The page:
As many questions as ever linger when it comes to Nick Pivetta.
What exactly is his ceiling?
What is his floor?
Do consistently dominant stretches of performance exist in his right arm?
Is it possible he's not that good?
Is it possible he's really good and is one of the many pitchers who just hasn't figured it all out by the age of 26?
Anyone who claims to have the answer is lying. Nobody knows. Pivetta does not know. His development is playing out in real time and cannot be properly assessed by looking merely at results or searching for clues in answers to postgame questions.
Composure was one of the main things the Phillies wanted Pivetta to work on when they sent him to the minors in mid-April. Upon his return — and again, beyond the results — he was composed. He was stoic. He didn't hang his head after a hung breaking ball or snap at the return throw from the catcher because of strike-zone frustration. He kept his cool and was as efficient as he's ever been on a major-league mound.
Last Wednesday, Pivetta did not remain composed in the sixth inning against the Mets. His first five innings weren't bad but weren't breezy either. He allowed two solo home runs — one a CBP homer, one an actual homer — and carried a 2-0 deficit into the sixth.
Pivetta walked the first two batters of the sixth before giving up a pair of run-scoring hits. Out came Gabe Kapler, and Pivetta had an edge when he handed his manager the ball. It was subtle yet noticeable. There were slight hints of anger, frustration, defiance in the exchange.
"Nick at that point was just in a hurry to get off the mound," Kapler said. "It's something I'll talk to him about, pausing for one more second before you rush off. It's just the most professional way to handle getting taken out of a game."
Even if he didn't appear to at the time, Pivetta said after the game that he agreed with Kapler's decision.
"I think this game's a frustrating game and in that instance, Gabe made the right move," he said. "(Jose) Alvarez came in and got the outs."
Kapler also referenced Pivetta's demeanor when things aren't going his way on the mound. The change in body language was apparent during his start last week against the Mets.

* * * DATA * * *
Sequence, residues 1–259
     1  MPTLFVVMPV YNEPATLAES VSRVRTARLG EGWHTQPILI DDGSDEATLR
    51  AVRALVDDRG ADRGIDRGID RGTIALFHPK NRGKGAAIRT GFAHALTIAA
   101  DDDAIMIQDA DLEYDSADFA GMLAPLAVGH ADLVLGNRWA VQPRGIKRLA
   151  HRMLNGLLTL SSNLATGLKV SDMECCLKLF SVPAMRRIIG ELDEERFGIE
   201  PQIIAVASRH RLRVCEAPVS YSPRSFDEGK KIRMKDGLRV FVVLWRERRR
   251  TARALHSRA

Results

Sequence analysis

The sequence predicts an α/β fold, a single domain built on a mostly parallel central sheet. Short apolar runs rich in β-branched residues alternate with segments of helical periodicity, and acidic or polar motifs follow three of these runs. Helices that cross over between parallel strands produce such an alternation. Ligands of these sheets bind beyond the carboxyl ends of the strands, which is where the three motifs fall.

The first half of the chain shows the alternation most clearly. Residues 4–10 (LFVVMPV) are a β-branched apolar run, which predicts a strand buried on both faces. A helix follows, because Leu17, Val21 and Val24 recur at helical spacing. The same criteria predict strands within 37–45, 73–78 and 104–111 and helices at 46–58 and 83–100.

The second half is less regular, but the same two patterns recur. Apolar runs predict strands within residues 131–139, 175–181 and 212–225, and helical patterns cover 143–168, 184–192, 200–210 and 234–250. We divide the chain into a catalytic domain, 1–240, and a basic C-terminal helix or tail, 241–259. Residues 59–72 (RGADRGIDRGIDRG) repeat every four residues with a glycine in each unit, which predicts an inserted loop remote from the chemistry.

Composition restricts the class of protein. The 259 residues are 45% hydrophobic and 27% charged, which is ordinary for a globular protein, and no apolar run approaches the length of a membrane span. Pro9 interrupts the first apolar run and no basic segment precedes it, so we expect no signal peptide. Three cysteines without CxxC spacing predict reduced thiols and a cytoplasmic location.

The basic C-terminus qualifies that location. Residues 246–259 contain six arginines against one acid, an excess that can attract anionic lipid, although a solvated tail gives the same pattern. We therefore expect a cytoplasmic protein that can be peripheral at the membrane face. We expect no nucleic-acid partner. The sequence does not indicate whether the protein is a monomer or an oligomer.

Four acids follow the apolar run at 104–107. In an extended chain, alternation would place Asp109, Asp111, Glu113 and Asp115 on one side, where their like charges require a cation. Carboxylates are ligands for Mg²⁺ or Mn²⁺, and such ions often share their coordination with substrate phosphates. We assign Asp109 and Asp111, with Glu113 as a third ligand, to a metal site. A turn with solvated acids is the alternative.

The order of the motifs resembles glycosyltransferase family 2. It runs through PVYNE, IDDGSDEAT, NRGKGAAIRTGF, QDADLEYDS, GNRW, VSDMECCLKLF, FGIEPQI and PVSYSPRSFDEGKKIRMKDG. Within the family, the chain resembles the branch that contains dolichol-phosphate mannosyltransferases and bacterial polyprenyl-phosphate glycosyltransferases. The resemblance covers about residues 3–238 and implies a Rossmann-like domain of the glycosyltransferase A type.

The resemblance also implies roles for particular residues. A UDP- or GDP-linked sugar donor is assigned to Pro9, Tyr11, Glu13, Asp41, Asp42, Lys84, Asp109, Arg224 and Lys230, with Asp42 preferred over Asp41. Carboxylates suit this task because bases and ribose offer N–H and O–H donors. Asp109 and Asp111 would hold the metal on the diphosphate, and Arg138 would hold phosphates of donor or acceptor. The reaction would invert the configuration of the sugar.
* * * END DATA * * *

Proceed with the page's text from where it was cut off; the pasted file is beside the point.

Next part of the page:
"We want to talk to Nick about maintaining his composure a little bit," Kapler said. "In particular, on some of the calls. Even at the plate. I think he can do a better job of keeping his emotions in check. When he keeps his emotions in check, he doesn't allow one pitch to spill into the next. He's a much better pitcher."
One ball-strike call was especially bad on Wednesday. Pivetta was hitting and had a 3-1 count when Jason Vargas threw a pitch high and off the plate. Should have been a walk but was instead a called strike and Pivetta whiffed on the next pitch.
Does Pivetta agree with Kapler's assessment? He took a moment to process what his manager had said when it was repeated to him by a reporter.
"I think I compete and I'm an emotional pitcher for the most part, but I compete," Pivetta said. "At the end of the day, I don't think any of that gets in the way. I just care, I want to do the best I can for this team because they're working their butts off every single day."
These are all moments that help a pitcher evolve — the scoreless innings at Dodger Stadium and the complete game vs. the Reds as much as the high-stress, rough outings against division rivals.
Pivetta has a 4.30 ERA in six starts since returning from Triple A. He allowed four runs total in the first three and 14 in the last three. The Phillies need him to be better. They need his evolution to speed up a bit. He doesn't need to go out in his next start and look like Max Scherzer, but he needs to put forth consistent performances that keep the Phillies in games.
In his most recent start, Pivetta generated only two swings-and-misses among the 40 fastballs he threw and both were of the opposing pitcher. That is something to keep an eye on. His next start is this week in Atlanta, against a red-hot Braves team in a hitter-friendly ballpark.
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